The need for accurate perception and informed judgement in determining the appropriate use of the nursing resource: hearing the patient's voice
From the perspectives of both an espoused core underlying value of nursing, and of public policy, the patient's voice should be central to our understanding of patient/client need, appropriate care and intervention. However, accessing and hearing the patient's voice is fraught with difficulty. Edwards (2001) reminds us that our raison d’être as nurses is human vulnerability; a vulnerability sometimes brought into sharp focus because of illness or disease. However, when people are at their most vulnerable, they are often least able to identify, or indeed to express, their need – beyond the completely obvious. This paper provides a short descriptive record of one patient's experience of nursing care. This description is placed within the context of moral arguments about the nature of nursing and the impact this may have on decision-making regarding the appropriate distribution of nursing time. One of our most acute deficits in knowledge, regarding nursing in the UK and Ireland, is a lack of knowledge of the day-to-day activities judgements, decisions and interventions of staff nurses at the sharp edge of patient care delivery. We also have little understanding of how, or indeed whether, staff nurses identify or articulate these activities, judgements, decisions and interventions as having a moral dimension that is rooted in respect for the needs and perceptions of the individual patient. Recent empirical work suggests that a substantial proportion of nursing time is spent in prioritizing and delegating care. We have little idea of the impact of prioritization and delegation on the quality of patient care, as perceived by the recipients of that care, our patients. It is urgent that these deficits in our knowledge and understanding are addressed. This is the case both from the perspective of providing high standards of patient care and from the point of view of linking perceptions of the moral dimension of nursing practice, organizational structure, manpower planning, nursing decisions and interventions, to patient outcomes.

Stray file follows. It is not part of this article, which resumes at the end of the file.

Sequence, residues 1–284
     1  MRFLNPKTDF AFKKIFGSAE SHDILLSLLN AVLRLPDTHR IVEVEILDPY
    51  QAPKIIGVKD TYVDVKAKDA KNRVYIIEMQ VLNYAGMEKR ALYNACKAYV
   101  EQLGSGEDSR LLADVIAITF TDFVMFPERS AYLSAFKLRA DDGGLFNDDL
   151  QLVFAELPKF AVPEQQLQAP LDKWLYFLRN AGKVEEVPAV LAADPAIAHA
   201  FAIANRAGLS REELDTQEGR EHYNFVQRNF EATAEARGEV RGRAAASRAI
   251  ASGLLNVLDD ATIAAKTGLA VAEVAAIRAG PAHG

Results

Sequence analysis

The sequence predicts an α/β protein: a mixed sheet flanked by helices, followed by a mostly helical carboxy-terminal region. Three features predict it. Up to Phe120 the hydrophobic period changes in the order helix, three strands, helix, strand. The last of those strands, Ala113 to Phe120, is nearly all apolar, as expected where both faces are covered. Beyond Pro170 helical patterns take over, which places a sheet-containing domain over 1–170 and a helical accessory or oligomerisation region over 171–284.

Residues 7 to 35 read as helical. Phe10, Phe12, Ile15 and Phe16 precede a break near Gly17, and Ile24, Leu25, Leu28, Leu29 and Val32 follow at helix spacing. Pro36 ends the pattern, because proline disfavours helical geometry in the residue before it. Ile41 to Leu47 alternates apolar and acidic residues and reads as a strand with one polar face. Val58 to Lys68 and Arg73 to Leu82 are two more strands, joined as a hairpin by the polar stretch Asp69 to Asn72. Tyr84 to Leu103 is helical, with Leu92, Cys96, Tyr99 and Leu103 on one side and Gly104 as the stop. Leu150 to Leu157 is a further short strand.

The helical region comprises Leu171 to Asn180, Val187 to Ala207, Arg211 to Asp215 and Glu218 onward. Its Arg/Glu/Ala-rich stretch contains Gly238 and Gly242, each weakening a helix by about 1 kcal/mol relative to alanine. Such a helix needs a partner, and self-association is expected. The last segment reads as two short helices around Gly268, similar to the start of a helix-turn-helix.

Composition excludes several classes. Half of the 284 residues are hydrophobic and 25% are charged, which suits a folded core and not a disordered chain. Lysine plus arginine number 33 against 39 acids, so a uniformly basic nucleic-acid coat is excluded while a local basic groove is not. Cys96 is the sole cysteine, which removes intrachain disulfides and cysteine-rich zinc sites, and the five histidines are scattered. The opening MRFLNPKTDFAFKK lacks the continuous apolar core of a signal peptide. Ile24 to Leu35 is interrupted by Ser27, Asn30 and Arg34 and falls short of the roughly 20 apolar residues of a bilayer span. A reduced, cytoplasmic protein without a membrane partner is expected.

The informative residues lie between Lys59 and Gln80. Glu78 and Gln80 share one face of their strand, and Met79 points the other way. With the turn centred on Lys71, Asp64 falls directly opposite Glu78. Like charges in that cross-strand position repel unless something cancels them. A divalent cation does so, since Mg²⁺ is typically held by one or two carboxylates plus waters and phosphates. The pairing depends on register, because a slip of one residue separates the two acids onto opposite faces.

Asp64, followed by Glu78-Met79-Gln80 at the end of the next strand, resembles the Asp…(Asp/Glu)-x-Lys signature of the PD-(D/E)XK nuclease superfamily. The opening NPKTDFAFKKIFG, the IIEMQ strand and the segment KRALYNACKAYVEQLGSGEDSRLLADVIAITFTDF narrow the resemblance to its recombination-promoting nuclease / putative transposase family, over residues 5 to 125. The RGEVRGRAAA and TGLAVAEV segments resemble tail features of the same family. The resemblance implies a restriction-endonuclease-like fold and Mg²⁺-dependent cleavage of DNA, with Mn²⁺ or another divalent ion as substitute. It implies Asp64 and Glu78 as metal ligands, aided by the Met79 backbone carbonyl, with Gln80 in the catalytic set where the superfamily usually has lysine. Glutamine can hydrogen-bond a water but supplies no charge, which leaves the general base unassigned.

Document Type: Research Article
Affiliations: Professor, Department of Nursing and Midwifery, University of Stirling, Scotland, UK, and
Publication date: October 1, 2003